158 years ago, Lincoln made vocal history
The Civil War was far from over on Nov. 19, 1863 — 158 years ago last week — when the dedication ceremonies were held for the Soldiers’ National Cemetery in Gettysburg, Pa.
Politicians and dignitaries had gathered in the small Pennsylvania town to remember the battle of July 1-3 of that year in which Union forces had defeated Confederate armies in what proved to be a major turning point in the war.
The dedication came more than a month after the reburial of Union soldiers from their battlefield graves had started on Oct. 17.
The featured presentation was supposed to be made by Edward Everett, a prominent politician, pastor and educator who was known as one of the great orators of his era. After Everett finished his two-hour speech — long cemetery dedication speeches were common at the time — President Abraham Lincoln took to the stage. Lincoln, very likely was suffering from the early stages of smallpox at the time.
Today, we like to bemoan how divided our nation is today — yet there is no comparison to the grave division that America suffered at that time. President Lincoln toiled in his efforts to reunite this great nation.
In his speech that day, Lincoln spoke for just about two minutes. Still, his words are considered to make up one of the greatest speeches ever delivered.
Today, we are proud to be able to reprint that famous address as a reminder of the divisions we have suffered and that we also have survived as a nation.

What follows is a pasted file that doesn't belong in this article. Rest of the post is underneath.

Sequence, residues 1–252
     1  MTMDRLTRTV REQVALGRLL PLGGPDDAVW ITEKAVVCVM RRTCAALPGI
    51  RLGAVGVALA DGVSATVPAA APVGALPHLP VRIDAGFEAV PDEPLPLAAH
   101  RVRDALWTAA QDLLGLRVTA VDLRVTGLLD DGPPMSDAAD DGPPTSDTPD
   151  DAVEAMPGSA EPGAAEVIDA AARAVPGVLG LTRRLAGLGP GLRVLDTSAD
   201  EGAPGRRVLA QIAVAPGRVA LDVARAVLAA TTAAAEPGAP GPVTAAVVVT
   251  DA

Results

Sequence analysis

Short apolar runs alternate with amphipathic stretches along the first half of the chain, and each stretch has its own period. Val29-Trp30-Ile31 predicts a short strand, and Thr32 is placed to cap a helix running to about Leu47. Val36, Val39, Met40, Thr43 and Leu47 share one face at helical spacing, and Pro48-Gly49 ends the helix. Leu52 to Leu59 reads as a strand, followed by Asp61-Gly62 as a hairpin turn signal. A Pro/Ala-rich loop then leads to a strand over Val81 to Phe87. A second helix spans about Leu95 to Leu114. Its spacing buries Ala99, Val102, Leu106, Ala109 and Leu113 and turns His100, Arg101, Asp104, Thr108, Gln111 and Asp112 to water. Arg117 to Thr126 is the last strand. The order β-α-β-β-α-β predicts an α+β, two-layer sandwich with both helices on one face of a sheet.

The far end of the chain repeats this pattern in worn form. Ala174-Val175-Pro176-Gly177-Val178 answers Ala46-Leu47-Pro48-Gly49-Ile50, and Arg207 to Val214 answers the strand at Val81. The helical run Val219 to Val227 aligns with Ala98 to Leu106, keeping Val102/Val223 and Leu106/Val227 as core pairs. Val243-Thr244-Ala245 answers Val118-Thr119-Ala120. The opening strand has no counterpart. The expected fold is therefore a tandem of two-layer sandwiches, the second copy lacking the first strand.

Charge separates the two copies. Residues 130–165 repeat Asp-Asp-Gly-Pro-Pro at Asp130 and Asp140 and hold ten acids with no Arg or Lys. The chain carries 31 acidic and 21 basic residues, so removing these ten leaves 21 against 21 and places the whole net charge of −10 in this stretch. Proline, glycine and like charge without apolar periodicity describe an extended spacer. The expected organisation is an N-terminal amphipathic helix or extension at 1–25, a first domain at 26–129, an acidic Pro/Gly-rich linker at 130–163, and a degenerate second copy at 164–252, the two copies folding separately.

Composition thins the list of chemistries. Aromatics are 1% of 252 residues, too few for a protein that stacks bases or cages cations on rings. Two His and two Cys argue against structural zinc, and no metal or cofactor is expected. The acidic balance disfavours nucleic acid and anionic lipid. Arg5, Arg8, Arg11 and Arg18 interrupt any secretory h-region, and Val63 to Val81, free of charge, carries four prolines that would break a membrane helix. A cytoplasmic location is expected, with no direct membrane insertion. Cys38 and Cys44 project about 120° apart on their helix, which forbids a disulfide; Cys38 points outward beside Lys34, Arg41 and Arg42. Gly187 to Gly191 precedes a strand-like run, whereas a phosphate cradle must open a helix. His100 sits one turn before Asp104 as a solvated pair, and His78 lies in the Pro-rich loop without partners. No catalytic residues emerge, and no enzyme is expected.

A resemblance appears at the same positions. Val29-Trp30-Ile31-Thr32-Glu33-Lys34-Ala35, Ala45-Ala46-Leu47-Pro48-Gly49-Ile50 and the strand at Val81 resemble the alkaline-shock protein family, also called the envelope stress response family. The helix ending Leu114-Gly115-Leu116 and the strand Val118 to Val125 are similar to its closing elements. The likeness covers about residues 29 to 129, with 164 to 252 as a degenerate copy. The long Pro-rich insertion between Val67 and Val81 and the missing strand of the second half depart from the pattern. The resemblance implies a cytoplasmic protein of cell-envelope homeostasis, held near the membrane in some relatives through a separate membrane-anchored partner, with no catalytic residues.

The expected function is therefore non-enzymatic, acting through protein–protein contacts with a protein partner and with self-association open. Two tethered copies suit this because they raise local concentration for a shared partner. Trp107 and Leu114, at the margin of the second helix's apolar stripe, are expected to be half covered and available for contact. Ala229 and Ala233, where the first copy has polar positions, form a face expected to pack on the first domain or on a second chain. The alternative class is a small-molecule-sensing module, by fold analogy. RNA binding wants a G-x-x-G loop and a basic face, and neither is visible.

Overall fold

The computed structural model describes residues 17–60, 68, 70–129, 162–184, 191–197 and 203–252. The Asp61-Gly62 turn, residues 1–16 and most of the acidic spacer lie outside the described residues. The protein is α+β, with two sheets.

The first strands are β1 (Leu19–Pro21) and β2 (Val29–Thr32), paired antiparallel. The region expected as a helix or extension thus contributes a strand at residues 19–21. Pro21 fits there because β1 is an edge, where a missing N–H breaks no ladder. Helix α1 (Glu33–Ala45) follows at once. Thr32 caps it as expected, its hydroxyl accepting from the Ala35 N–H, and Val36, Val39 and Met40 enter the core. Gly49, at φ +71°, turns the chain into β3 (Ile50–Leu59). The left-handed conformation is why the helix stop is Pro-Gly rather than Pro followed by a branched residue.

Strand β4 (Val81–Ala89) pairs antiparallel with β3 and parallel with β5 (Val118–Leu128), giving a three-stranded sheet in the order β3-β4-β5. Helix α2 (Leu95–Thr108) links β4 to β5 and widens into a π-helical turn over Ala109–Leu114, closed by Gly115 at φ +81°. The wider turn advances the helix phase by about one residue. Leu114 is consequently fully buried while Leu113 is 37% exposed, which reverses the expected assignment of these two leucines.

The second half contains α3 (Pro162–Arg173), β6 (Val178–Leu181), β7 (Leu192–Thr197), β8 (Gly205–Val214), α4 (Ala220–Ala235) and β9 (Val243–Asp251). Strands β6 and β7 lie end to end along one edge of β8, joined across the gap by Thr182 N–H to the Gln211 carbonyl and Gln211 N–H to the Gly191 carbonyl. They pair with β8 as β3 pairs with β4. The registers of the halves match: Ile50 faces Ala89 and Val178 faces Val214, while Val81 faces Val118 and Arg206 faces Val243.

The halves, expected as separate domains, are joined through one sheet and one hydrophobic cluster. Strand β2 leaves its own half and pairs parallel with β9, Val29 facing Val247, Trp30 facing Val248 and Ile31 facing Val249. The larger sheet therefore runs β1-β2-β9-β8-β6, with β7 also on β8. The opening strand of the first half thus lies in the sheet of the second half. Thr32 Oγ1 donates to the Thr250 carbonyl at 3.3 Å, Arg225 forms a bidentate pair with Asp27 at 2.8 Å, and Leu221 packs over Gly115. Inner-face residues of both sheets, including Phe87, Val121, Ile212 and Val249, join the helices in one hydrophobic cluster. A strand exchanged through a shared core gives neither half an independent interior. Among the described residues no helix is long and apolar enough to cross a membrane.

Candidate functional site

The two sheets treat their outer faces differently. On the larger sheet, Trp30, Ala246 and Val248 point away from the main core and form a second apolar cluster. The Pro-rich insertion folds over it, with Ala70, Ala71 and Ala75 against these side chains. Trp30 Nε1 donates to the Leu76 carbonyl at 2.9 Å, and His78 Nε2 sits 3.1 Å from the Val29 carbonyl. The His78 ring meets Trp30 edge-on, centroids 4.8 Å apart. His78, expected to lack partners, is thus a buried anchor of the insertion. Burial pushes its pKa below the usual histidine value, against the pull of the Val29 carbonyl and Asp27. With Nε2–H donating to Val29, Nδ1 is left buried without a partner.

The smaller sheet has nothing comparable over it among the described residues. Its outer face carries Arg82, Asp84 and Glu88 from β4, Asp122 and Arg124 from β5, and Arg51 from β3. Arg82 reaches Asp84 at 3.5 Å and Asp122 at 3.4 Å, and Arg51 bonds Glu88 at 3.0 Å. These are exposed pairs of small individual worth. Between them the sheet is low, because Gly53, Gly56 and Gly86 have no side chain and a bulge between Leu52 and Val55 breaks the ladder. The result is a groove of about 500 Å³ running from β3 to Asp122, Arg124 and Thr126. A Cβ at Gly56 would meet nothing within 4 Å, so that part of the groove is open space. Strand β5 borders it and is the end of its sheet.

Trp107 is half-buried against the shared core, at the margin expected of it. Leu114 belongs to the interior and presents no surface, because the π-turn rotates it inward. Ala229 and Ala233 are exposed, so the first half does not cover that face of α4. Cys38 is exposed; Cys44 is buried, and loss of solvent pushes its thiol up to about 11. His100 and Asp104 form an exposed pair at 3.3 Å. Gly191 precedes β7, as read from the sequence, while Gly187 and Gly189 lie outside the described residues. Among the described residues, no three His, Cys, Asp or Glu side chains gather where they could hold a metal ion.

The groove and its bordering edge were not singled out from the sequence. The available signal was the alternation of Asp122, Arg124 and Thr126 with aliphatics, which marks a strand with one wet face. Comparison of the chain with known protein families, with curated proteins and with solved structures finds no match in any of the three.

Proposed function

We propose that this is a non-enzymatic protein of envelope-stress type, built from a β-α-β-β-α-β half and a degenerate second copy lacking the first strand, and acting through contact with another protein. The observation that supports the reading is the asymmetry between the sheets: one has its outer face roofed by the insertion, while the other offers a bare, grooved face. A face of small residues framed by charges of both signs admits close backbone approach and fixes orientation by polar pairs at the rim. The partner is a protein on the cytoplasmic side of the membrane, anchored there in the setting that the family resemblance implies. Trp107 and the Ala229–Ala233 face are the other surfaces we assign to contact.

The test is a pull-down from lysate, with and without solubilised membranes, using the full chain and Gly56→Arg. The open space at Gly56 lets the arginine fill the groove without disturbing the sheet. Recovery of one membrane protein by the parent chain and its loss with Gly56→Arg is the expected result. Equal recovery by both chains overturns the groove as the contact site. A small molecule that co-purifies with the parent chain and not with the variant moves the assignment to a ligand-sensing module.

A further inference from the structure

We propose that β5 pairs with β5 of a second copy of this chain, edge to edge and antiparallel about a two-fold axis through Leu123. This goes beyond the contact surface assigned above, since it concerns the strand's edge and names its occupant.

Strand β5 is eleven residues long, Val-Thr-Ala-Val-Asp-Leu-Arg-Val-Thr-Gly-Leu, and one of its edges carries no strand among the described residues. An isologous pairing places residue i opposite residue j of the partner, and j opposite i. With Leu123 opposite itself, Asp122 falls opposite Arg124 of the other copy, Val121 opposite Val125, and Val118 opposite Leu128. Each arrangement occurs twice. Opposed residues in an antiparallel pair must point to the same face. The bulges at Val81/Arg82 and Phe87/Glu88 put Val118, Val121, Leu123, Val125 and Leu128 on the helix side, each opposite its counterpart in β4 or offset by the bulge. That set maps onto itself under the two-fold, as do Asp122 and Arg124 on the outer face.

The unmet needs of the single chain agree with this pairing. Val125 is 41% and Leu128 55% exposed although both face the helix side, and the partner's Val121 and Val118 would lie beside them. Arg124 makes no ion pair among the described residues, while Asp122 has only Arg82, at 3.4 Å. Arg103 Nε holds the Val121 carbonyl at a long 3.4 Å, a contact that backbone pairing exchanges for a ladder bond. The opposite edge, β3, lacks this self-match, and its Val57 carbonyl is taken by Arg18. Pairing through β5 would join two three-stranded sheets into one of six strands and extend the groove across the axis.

“Four score and seven years ago our fathers brought forth, upon this continent, a new nation, conceived in liberty, and dedicated to the proposition that all men are created equal.
“Now we are engaged in a great civil war, testing whether that nation, or any nation so conceived, and so dedicated, can long endure. We are met on a great battle field of that war. We have come to dedicate a portion of it, as a final resting place for those who died here, that the nation might live. This we may, in all propriety do. But, in a larger sense, we cannot dedicate — we cannot consecrate — we cannot hallow, this ground. The brave men, living and dead, who struggled here, have hallowed it, far above our poor power to add or detract. The world will little note, nor long remember what we say here; while it can never forget what they did here.
“It is rather for us, the living, to stand here, we here be dedicated to the great task remaining before us — that, from these honored dead we take increased devotion to that cause for which they here, gave the last full measure of devotion — that we here highly resolve these dead shall not have died in vain; that the nation, shall have a new birth of freedom, and that government of the people, by the people, for the people, shall not perish from the earth.”